White glossy acrylic paint on white matte acrylic painted wall with a series of three inkjet prints of black overprint on black background

Wall painting: 72"w x 120"h, inkjet prints: 9.25"w x 8.25"h (each)

Installed at LARAC's Lapham Gallery for a solo exhibition titled, State of Flux.

Image #5 is the original digital vector version of the artwork.

Read the statement here.

The universe is in a constant state of flux. Nothing is static. Everything is moving, changing, transforming; from the tiniest quark to the largest supercluster. The universe cares not the size of the elements that exist within it for they are all interdependent upon one another for their very survival. This interdependency is apparent when, upon close scrutiny, patterns begin to emerge. This modularity reveals a similarity between the microcosmic and macrocosmic facets of the universe; an infinite, interdependent loop of space and time.

Just as there is an order to the universe, so must there be a logical reason for every decision made in my creation process, from the medium, to the imagery, to its inevitable display. I am not devoted to any one medium and often discover that a mix of traditional and new technologies will achieve my desired goals. Choice of medium is dependent upon the message. Herein lies one of my most formidable challenges; how to unite the medium and message to strengthen one another.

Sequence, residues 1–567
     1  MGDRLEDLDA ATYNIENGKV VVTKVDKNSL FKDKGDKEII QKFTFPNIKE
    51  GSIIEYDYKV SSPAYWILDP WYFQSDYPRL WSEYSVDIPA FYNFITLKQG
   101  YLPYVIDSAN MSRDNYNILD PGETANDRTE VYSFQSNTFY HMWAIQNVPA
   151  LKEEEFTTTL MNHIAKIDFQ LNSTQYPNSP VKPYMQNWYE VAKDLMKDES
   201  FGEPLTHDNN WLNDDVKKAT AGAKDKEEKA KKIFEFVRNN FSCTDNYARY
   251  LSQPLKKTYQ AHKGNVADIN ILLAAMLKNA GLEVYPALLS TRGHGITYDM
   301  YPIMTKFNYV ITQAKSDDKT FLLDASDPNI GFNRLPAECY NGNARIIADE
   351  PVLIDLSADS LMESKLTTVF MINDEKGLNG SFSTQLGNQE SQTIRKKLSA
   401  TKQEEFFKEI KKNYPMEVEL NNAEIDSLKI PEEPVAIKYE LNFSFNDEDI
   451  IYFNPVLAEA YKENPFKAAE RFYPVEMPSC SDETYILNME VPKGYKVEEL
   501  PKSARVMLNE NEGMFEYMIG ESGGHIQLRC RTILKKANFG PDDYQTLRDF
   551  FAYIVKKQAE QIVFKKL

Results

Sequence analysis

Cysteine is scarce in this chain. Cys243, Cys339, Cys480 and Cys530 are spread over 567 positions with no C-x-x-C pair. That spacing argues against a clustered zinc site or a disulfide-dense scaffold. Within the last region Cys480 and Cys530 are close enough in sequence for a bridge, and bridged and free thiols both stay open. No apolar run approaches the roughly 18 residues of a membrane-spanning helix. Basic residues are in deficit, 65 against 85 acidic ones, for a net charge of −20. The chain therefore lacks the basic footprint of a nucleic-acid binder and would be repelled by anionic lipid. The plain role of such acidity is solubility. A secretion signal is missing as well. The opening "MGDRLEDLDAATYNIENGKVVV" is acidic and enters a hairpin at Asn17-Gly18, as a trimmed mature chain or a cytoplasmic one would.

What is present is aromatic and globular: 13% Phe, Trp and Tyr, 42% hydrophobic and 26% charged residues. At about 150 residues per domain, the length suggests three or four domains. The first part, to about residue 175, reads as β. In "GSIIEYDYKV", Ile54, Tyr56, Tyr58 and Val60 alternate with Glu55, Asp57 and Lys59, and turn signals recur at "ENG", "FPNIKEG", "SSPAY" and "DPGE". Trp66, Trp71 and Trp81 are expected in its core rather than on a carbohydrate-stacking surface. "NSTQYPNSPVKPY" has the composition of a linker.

My investigation into the inner-workings of the universe begins with a response to forms in nature. I focus on transformations of human forms. The work always begins with observational figure drawing. These drawings then undergo a scientific-esque process in which they are investigated, analyzed, dissected, and then transformed into new forms using both traditional and digital techniques, often alternating back and forth between the two.

Somewhere between observation and imagination, my mutated human forms emerge as language. Created specifically with the viewer in mind, each piece establishes an aura of questioning that operates in both the physical and mental spaces between the viewer and the work.

Largely inspired by quantum physics, my work challenges established belief systems through a theosophic integration of science, art and philosophy. I attempt to initiate a cerebral awareness of the concealed gestalt of the universe; the unknown, unexpected and unfathomed concepts of space and time. Teetering on the edge of two abysses, one of hope and one of meaninglessness, my work aims to transcend inward and outward beyond the scope of both.